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International's over-the-air (OTA) programming will first be available for limited production release on Cummins 2017 model year engines, beginning in fall 2016. Pictured is the 2017 Cummins X15, which is being offered in two distinct ratings groups—one for customers who need stronger performance, and one that focuses on fuel economy.

International Truck offers over-the-air programming for 2017 Cummins engines

Building on the introduction of over-the-air (OTA) programming for its proprietary engines, International Truck is now offering OTA programming for Cummins engines—the first truck OEM to do so.

The service will first be available for limited production release on Cummins 2017 model year engines, beginning in fall 2016. The two companies plan to expand the service to additional model years.

Available through the nine-pin International LINK device, OTA programming enables drivers or fleet managers to utilize a mobile interface to initiate engine programming at the customer's facility over a secure Wi-Fi connection. The service enables easy updating of engine control modules (ECMs) to reflect the latest manufacturer-approved calibrations, without the necessity of visiting a dealer or other service facility.

"This new service for users of Cummins engines builds on our commitment to open-architecture solutions that provide drivers and fleets with improved uptime," said Terry Kline, senior vice president and chief information officer, Navistar, Inc. "Many of our customers have mixed fleets, and thanks to this industry-leading innovation, customers will be able to program Cummins' engines without having to leave their own facilities. This open-architecture approach will provide drivers and fleets with an added measure of ease, convenience, efficiency and productivity."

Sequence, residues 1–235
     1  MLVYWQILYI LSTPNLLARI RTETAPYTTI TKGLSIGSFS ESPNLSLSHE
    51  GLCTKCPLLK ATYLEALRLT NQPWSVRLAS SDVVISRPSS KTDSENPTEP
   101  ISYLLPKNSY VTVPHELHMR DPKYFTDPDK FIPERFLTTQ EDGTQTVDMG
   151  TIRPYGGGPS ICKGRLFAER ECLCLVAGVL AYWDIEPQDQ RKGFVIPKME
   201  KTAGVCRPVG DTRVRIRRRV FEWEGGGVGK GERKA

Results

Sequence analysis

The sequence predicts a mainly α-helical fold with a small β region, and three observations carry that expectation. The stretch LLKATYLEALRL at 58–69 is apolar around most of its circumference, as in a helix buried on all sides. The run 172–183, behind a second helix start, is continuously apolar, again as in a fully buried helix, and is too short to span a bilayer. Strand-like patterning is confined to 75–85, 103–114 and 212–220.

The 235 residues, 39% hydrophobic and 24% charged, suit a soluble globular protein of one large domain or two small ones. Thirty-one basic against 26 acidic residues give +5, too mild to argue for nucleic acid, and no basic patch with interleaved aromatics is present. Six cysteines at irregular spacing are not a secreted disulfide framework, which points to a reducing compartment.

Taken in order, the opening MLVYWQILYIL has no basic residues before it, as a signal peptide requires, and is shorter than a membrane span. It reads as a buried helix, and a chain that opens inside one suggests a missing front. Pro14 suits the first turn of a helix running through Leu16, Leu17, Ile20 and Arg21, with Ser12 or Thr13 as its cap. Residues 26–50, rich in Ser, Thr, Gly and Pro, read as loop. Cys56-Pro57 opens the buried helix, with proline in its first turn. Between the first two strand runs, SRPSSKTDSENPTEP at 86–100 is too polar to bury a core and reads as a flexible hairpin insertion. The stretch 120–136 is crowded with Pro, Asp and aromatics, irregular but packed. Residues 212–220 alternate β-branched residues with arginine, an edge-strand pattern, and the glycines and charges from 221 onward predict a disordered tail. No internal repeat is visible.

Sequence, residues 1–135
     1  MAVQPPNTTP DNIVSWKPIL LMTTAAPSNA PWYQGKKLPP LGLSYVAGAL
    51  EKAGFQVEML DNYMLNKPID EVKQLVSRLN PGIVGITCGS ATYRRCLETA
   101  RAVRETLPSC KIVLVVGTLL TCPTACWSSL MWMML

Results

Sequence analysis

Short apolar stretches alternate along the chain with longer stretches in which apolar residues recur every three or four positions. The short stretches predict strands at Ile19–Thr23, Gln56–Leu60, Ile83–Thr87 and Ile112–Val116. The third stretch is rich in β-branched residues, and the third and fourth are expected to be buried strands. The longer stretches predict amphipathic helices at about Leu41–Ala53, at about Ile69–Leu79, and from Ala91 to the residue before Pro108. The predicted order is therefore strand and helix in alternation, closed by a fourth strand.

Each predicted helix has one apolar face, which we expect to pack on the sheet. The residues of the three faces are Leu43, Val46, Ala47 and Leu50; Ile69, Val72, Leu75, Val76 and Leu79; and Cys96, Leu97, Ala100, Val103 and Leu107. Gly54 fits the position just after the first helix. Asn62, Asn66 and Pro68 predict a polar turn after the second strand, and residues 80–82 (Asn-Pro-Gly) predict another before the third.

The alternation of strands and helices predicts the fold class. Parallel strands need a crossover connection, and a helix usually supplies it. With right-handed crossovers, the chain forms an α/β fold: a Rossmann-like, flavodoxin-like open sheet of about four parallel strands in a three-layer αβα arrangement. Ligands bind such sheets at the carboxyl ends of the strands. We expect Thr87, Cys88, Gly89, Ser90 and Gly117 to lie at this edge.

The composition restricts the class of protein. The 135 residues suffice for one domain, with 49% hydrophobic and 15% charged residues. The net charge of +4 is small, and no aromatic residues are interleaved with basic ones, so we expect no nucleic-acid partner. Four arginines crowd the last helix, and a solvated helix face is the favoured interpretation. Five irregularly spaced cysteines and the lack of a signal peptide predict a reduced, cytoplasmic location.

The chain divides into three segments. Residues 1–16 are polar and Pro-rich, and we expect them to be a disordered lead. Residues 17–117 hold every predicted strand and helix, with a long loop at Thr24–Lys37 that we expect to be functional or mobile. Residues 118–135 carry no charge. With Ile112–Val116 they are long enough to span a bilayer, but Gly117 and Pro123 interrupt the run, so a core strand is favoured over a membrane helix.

Kline spoke with Off-Highway Engineering earlier this year about OTA and the company’s overall connectivity strategy (read the full interview at He shared that engines are just the beginning for OTA programming.

“I view the truck almost like an iPhone, in that it’s got all these modules on it—on your iPhone we call them apps,” he said. “On a truck we call them engine control modules, transmissions have software, brake systems, etc. We want to get to where we program and have the ability to reflash all these devices that have software on them remotely, wirelessly.”

International claims it was the first commercial vehicle manufacturer to introduce OTA programming of ECMs. It first offered the service for International trucks powered by its N9, N10 and N13 proprietary engines. The company partners with data and technology companies to ensure that the system is secure, Kline noted.

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